Submitting Substantial Implementation Information for Review. A complete substantial implementation package comprises many documents. The information can be submitted in hard copy or electronically. (Having electronic copies of statutes, codes, policy and procedures manuals, and forms is helpful for quickly relaying comments.) Please include the checklist, with references to where specific information can be found. If submitting materials in hard copy, we recommend compiling the information in a binder with the checklist and a table of contents. Electronic materials can be sent to your jurisdiction’s senior policy advisor. Hard copy materials can be sent to―
Office of Justice Programs
U.S. Department of Justice
810 Seventh St. NW
Washington, DC 20531
For States With Tribes Located Within Their Boundaries. Under the Adam Walsh Act, designated federally recognized Indian tribes may elect to become SORNA registration and notification jurisdictions or to delegate the responsibility to the state in which they are located (34 U.S.C. § 20929). If a state has a tribe or tribes located within its boundaries that have elected to implement SORNA, the SMART Office also requests that the state submit the following information with its substantial implementation package:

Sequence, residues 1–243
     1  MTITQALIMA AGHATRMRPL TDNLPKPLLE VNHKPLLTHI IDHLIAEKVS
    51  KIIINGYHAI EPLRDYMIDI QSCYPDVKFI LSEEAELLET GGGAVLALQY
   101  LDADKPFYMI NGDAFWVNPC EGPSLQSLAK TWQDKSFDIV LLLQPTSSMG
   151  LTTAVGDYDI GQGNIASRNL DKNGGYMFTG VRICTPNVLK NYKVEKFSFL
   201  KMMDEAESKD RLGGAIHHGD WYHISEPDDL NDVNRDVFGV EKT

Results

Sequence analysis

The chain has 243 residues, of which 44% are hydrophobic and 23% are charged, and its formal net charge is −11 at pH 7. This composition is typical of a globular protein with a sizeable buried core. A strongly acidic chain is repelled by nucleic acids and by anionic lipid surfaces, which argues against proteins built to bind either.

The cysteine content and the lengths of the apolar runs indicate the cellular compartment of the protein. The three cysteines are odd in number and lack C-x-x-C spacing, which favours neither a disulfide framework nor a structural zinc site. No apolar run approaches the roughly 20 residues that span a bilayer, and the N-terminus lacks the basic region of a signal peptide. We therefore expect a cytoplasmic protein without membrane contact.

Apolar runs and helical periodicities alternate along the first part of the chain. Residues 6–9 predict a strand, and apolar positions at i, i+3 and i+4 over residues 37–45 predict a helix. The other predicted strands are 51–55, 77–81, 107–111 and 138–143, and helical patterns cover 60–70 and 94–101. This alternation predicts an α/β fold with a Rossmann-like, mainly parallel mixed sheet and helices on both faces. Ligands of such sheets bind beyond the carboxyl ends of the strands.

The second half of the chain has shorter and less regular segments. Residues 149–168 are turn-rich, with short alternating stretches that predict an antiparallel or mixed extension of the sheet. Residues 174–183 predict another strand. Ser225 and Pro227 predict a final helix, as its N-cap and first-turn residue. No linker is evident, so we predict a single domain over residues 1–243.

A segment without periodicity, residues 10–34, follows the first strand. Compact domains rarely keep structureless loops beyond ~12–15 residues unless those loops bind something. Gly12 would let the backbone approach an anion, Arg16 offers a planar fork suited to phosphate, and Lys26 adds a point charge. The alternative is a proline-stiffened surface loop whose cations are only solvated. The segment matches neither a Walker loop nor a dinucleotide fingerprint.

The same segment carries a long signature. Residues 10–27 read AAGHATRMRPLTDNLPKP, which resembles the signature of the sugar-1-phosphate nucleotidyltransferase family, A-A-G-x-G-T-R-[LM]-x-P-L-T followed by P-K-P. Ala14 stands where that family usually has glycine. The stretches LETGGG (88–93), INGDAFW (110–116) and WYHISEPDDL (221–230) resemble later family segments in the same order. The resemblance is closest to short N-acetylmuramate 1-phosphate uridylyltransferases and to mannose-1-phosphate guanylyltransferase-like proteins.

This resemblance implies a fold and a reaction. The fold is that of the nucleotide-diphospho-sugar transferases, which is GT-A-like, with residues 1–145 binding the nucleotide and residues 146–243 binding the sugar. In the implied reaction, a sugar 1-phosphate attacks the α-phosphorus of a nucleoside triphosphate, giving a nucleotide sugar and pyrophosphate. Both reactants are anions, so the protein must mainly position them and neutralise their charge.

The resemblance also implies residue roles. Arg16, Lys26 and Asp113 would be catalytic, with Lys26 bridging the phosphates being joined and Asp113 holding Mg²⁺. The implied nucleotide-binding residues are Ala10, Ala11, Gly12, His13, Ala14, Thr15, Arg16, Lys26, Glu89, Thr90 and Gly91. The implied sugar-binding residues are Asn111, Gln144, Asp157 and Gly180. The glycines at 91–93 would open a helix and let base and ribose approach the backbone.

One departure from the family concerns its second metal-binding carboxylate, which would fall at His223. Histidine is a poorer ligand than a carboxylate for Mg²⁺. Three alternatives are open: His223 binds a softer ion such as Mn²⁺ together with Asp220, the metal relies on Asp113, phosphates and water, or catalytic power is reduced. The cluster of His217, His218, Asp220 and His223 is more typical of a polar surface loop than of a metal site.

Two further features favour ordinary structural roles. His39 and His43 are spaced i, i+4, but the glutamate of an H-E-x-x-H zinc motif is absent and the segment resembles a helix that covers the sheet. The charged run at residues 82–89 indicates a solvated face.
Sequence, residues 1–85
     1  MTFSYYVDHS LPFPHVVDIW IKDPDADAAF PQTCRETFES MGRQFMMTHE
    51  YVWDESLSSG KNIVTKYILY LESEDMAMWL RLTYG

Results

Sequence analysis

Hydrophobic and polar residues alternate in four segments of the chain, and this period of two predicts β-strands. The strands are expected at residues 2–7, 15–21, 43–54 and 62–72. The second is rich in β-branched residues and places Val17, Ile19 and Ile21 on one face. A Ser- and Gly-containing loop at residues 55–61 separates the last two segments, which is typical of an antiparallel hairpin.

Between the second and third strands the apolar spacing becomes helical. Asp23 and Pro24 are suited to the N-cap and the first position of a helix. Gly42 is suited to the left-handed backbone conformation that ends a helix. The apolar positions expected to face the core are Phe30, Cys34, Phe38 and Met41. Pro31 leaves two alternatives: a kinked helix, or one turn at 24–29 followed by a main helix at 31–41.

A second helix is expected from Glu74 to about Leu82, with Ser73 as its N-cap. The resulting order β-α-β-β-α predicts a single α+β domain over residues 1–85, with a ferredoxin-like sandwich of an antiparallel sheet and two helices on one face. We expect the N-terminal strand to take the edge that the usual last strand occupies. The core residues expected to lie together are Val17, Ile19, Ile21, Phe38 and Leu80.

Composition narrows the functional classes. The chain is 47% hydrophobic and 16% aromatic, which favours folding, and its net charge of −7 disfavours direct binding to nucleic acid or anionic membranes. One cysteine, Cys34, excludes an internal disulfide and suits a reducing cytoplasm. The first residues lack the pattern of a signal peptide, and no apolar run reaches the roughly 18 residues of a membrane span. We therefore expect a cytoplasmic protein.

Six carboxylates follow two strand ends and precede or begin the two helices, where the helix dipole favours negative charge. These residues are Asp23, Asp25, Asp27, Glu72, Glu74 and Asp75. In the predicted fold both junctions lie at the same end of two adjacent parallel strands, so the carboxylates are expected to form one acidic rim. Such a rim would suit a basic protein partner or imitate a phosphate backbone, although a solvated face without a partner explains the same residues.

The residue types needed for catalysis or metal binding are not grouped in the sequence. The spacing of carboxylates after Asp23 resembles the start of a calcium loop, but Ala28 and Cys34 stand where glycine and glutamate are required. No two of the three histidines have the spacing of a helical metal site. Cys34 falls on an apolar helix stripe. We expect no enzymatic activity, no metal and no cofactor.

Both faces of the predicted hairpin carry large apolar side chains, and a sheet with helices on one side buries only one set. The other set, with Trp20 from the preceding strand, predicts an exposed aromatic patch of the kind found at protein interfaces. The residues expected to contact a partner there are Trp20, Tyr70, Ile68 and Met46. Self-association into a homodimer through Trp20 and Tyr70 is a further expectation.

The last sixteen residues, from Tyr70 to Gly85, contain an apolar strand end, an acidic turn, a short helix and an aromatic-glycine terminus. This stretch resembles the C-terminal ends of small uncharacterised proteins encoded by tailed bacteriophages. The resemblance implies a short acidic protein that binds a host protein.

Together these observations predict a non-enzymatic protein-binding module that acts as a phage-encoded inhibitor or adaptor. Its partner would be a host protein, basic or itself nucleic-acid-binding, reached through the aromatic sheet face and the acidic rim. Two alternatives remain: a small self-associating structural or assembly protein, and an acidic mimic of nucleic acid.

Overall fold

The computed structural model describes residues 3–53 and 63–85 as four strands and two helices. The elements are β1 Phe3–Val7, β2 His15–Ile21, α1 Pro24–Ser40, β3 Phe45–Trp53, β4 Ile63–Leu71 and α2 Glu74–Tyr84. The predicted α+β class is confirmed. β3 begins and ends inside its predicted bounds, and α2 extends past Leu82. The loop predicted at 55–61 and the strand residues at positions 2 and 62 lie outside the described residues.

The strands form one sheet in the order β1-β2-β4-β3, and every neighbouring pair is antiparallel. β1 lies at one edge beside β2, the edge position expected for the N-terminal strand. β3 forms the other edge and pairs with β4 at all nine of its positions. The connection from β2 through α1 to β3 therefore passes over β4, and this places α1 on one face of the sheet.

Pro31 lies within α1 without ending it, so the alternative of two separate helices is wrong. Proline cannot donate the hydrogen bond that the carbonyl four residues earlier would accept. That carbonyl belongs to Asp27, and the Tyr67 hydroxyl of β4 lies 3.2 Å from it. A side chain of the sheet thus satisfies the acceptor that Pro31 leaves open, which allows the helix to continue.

- An explanation of the state’s working relationships with SORNA tribes in the state
- The name and contact information of the state point of contact
- Any information-sharing arrangements, including DNA, fingerprint and palm print collection and submission; NCIC submission; criminal history and corrections information
- Any memoranda of understanding/agreement or cooperative agreements with tribes